BUENOS AIRES: Wrestling will be at the Tokyo 2020 Summer Olympics after all as they completed a remarkable seven-month journey in Buenos Aires on Sunday by being voted back onto the Olympic sports roster by International Olympic Committee (IOC) members.
Wrestling, which is one of the rare sports to have transcended the ancient and modern Olympics, is very popular in Japan so Tokyo’s victory on Saturday to host the Games bolstered their standing as favorites to win.
In the event it took just one round as wrestling received 49 of the 95 votes cast.
The joint bid of baseball/softball was second with 24 votes and squash received 22.
The result sees wrestling assured of appearing at both the 2020 edition and the 2024 Summer Olympics.It marks a huge turnaround in fortunes for wrestling which was dropped from the Olympic program in February this year by the 15-person IOC Executive Board.
It sparked uproar, probably surprising several of the board members, with even bitter political enemies such as Iran and the United States seeing their wrestlers join forces to plead for it to be restored.
The same board then gave it a second chance when they put it on the three-sport shortlist—after presentations by eight sports at the end of May—to be considered by the entire IOC membership in Buenos Aires.
“It would be an understatement to say that today is the most important day in the 3,000 years of our existence,” said wrestling federation president Nenad Lalovic at the presentation.
“We have made mistakes and we have learnt from them.”
Despite some questions regarding alleged corruption within the sport, Lalovic was left beaming after the announcement by IOC President Jacques Rogge.
“With this vote, you have shown that the steps we have taken to improve our sport have made a difference,” said Lalovic, who was not a wrestler himself but whose son represented Serbia at international level.
“I assure each of you that our modernisation will not stop now. We will continue to strive to be the best partner to the Olympic Movement that we can be.”
For baseball/softball—who had among others Antonio Castro the son of the long-time Cuban leader Fidel in their presentation team—it represents another blow after being voted off the Games programme starting with the 2012 London edition.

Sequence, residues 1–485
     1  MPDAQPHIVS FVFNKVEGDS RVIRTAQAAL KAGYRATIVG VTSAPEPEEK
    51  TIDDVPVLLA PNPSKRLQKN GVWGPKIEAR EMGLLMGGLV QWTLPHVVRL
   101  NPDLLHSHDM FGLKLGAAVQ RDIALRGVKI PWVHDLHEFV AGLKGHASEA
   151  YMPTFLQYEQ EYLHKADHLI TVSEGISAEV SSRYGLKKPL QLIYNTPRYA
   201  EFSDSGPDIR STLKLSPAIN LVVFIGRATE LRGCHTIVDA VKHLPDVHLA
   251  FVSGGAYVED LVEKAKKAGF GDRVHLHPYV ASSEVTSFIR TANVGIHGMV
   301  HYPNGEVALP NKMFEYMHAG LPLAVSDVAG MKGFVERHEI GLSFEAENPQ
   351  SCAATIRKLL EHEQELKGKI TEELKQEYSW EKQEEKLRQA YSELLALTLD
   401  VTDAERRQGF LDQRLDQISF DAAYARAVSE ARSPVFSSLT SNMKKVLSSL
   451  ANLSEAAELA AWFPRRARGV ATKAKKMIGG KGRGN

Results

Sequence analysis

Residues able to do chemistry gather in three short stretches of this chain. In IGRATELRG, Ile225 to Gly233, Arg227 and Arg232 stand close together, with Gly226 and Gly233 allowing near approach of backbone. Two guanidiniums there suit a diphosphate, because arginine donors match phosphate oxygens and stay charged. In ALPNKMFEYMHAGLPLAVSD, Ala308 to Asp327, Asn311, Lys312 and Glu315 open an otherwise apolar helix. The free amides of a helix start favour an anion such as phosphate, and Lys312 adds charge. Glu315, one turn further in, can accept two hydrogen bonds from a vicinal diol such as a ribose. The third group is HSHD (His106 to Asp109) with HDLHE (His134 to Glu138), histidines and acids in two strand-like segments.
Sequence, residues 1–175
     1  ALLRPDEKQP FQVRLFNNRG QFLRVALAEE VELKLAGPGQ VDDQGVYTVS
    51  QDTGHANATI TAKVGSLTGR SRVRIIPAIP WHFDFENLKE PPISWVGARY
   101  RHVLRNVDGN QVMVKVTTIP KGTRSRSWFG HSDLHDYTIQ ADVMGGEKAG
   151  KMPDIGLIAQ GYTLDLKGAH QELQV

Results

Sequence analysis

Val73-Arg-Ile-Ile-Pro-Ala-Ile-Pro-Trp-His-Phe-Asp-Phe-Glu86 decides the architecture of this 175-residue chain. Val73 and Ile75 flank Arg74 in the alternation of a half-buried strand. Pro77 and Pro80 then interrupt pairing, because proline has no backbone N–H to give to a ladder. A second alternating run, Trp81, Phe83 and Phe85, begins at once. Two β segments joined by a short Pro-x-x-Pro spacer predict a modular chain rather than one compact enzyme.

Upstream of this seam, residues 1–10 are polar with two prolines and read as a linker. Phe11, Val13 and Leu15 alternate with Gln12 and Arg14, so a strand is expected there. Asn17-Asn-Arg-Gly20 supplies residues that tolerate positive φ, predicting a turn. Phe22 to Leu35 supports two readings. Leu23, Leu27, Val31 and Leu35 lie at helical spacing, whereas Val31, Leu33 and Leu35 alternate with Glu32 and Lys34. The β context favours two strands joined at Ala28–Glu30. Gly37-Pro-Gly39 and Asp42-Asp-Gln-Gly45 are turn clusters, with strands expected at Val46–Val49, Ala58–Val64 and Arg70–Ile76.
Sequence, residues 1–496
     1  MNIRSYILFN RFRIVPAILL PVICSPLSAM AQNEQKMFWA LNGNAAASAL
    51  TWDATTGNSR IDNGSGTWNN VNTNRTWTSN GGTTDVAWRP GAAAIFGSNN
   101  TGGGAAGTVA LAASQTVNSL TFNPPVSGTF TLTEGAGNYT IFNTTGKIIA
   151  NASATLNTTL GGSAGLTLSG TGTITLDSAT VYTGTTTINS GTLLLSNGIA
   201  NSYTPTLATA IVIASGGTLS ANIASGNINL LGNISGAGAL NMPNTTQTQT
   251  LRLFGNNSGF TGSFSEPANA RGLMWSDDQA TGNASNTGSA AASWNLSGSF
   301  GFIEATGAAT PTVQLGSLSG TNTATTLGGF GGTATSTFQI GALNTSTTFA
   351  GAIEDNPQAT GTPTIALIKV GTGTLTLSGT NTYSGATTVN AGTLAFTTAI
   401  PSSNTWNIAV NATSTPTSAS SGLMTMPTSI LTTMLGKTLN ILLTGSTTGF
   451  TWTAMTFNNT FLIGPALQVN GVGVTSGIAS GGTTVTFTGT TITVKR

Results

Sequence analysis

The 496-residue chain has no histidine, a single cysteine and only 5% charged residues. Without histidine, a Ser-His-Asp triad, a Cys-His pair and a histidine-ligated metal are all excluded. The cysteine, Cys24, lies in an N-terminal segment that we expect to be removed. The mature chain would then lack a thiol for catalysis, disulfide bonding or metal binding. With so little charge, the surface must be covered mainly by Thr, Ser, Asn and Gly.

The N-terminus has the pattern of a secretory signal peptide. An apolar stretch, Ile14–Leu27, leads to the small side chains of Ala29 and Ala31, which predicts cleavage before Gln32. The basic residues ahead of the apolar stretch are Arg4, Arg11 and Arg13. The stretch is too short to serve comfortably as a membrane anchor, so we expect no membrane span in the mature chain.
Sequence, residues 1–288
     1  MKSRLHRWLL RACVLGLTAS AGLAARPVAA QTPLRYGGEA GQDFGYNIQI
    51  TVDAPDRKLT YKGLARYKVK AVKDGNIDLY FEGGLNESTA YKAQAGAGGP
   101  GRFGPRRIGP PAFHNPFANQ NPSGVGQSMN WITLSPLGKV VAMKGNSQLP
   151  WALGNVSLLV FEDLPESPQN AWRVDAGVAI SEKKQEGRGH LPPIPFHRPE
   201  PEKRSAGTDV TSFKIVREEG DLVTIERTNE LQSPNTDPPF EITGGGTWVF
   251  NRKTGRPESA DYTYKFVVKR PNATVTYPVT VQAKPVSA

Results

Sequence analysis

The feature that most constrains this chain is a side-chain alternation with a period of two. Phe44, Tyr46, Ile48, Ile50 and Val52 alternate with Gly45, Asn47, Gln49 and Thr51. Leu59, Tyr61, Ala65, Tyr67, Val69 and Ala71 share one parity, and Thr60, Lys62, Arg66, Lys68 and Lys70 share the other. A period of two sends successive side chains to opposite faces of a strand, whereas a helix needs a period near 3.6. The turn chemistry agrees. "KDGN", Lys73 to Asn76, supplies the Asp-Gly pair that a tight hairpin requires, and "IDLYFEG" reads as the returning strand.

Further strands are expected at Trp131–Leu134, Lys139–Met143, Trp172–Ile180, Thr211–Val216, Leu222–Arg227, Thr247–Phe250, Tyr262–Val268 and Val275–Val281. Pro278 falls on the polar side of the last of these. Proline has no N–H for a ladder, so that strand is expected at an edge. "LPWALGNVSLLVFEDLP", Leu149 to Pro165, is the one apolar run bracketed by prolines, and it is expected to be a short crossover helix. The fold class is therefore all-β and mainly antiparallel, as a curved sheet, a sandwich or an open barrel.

For squash too there was huge disappointment that a journey which started 10 years ago—seeing them top the vote in 2005 but fail to get the required two-thirds majority and then fail again in 2009 —still has some distance to go before they perhaps achieve their ultimate goal.
“Today’s decision is heart-breaking for the millions of squash players around the world, particularly given the 10-year journey we have been on to join the Olympic Games Sports Programme,” said squash federation president Narayana Ramachandran.
There had been a potentially awkward moment at the beginning of proceedings on Sunday.
Veteran Canadian IOC member Dick Pound argued perhaps it would be best to postpone the decision and look at it again in Sochi during the Winter Olympics next February.
However, Pound found little support from his fellow members and Rogge, who trounced the Canadian in the presidential election in 2001, put him firmly in his place.
“Thank you for your proposition but it is fair to say we should acknowledge that we asked eight federations originally to bid, they have incurred costs and three of them will appear later,” Rogge said.
“We should respect our decisions. When we took this one in Guatemala (2007) it was a unanimous decision with no abstentions, I emphasise this particularly there were no abstentions.”